Cleveland January 22, 2019
This Natural Wonders Road Trip Will Show You Cleveland Like You’ve Never Seen It Before
Greater Cleveland is a lovely area, but that’s thanks only in part to the creations of mankind. Our region is naturally stunning and features a small sampling of all of Mother Nature’s finest art projects. Gorgeous and powerful waterfalls, lovely lakeside meadows, enchanting forests, and even a mountain – this area truly has it all. No matter the season, it’s endlessly worthwhile to embark on nature-fueled journeys, and this road trip through Greater Cleveland will leave you inspired to get out and explore.
Prepare for a road trip through natural beauty, because this adventure will leave you inspired for months to come.
for an interactive map with driving directions and exact addresses.
1. Virginia Kendall Ledges, Cuyahoga Valley National Park
As the only national park in the state of Ohio, Cuyahoga Valley National Park is bound to be something special. Sure enough, this lovely landscape hides the wonder that is The Ledges, a prehistoric chunk of Sharon Conglomerate that rises up to 30 feet in certain portions. A man-made trail carves through the area, offering visitors 1.8 miles of scenic beauty.
2. Henry Church Rock, South Chagrin Reservation
The Cleveland Metroparks are a gold mine of natural splendor, but the Henry Church Rock is an example of what happens when natural artistry meets the creativity of man. This sculpture was created by its namesake blacksmith in 1885, and nobody is quite sure of what message this work of art is meant to convey. Nonetheless, it's a gorgeous contribution to the surrounding landscape.
3. Gildersleeve Mountain, Kirtland
On clear days, a plateau-like shape rises over The Land. What is it? This landmass is actually a petite mountain known locally as Gildersleeve Mountain, and it peaks at 1,163 feet above sea level. Across its landscape spans Chapin Forest Reservation, a lovely park that is home to various unique native species.
4. Whiskey Island, Cleveland
This peninsula sits at the mouth of the Cuyahoga River and Lake Erie. The mile of land was reported to be the first piece of solid ground encountered by Moses Cleaveland when he first arrived in what would become his namesake city. Lorenzo Carter, the first permanent settler in Cleveland, built his family farm on the peninsula. Whiskey Island, as we see it today, was formed after the construction of the Ohio and Erie Canal led to the rechanneling of the Cuyahoga River in 1827.
5. Lakeview Park, Lorain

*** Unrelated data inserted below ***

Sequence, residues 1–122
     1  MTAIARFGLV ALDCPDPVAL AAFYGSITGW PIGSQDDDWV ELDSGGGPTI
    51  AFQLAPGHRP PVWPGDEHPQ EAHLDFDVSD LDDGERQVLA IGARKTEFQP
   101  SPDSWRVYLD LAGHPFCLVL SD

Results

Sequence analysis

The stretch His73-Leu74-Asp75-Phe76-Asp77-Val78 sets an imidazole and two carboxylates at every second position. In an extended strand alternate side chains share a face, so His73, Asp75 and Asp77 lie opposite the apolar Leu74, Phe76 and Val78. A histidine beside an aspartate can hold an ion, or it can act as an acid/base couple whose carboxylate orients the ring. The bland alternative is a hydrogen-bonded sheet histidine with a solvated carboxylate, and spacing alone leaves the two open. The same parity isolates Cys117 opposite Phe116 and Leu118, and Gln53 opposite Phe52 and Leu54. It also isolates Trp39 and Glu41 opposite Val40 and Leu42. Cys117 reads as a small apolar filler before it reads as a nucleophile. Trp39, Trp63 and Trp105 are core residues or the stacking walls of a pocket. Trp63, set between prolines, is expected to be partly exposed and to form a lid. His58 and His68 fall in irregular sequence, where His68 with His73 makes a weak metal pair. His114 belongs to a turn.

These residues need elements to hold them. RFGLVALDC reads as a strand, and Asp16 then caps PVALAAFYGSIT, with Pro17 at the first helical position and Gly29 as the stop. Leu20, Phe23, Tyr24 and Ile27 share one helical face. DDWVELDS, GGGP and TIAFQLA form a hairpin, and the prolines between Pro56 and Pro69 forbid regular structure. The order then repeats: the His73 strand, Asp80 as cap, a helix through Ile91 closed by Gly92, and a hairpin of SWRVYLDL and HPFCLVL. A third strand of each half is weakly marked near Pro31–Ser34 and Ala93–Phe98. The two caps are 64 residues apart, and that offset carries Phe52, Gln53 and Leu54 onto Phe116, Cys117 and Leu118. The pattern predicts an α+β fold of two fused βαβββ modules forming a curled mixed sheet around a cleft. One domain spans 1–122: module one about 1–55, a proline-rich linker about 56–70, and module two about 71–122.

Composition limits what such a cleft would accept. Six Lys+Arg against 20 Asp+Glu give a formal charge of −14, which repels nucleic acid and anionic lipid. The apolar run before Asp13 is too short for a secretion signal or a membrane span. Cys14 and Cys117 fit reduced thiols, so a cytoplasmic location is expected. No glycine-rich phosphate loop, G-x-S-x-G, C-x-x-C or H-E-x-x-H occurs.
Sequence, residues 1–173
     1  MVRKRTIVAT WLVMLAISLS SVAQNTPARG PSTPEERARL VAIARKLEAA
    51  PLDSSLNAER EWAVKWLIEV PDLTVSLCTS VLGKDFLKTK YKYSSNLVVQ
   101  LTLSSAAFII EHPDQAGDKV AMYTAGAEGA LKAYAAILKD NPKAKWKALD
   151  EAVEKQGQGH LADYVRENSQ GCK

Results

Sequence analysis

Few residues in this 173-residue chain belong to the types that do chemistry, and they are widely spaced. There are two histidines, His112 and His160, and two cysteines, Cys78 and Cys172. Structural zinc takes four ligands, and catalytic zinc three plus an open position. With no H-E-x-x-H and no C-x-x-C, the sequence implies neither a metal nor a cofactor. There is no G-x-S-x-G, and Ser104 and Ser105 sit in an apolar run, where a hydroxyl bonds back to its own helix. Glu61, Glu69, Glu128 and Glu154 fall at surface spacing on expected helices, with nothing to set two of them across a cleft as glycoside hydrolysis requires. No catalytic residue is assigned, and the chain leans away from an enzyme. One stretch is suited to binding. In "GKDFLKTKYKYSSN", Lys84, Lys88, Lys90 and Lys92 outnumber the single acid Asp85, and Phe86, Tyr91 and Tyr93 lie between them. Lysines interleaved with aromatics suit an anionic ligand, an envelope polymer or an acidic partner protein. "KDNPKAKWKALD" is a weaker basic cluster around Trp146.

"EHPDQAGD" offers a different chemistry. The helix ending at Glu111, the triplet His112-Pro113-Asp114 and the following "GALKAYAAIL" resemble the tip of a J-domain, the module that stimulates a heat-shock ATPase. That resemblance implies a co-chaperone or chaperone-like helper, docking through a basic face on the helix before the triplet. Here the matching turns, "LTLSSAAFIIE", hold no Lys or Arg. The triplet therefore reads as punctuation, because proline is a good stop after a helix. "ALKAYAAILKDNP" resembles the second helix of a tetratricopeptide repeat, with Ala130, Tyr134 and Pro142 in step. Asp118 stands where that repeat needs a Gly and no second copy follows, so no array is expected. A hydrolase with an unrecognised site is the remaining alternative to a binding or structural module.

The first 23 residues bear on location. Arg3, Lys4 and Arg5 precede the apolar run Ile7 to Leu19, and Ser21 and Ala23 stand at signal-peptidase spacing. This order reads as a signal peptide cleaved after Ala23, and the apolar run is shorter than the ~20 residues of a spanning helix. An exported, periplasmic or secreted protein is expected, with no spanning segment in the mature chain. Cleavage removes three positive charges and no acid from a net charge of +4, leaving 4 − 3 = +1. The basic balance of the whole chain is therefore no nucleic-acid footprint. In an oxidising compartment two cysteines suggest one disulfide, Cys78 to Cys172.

If you take your trek during the winter months, Lakeview Park's gorgeous shore will be lined with stunning ice gardens created by the whipping winds over Lake Erie. In the summertime, you'll be treated to the playful aroma of roses from the nearby garden and you enjoy a pleasant day on the beach.
6. Glacial Grooves, Kelleys Island
At the intersection of Division Street and Titus Road are some glacial markings that have been almost single-handedly fueling eco-tourism at Kelleys Island for decades. These grooves are 400 feet long and 35 feet wide, measuring as deep as 15 feet in certain places. They were formed as glacial debris was dragged across the earth, and today they're the largest and most accessible example of this geological phenomenon in the entire world.
7. Crystal Cave, Put-in-Bay
Hiding 35 feet below the surface of this Lake Erie island is an incredible natural feature that formed as far back as 15,000 years ago. The Crystal Cave at Heineman's Winery is hailed as the largest geode in the world, as it is lined with stunning celestite crystals that are downright otherworldly.
8. The Aquifers of Castalia
Located about seven miles southwest of Cedar Point is an old-timey tourist attraction that once made the town Castalia, Ohio famous: a bright blue pond that's ever-vibrant and seemingly bottomless. The Blue Hole is actually about 45 feet deep and doesn't contain enough oxygen to support a fish population, which limits the amount of natural biological debris created by animal inhabitants and keeps the water incredibly pure. The original Blue Hole, which is actually an aquifer fed by an underground spring, is now closed to the public, but similar pools of sparkling blue water remain open to the public at the Castalia State Fish Hatchery. You can find more details about this quirky destination in our previous feature article
The landscape surrounding Greater Cleveland is truly a treat, and it’s amazing to consider that such a wondrous place is our home. Which of these pretty places is your favorite? Let us know in the comments below and don’t forget to share photos of your adventures throughout Northeast Ohio on Instagram using
#only.in.cleveland for a chance to see your photos featured!
If you’re a fan of adventure,
you’ll surely adore these frozen waterfalls near Cleveland.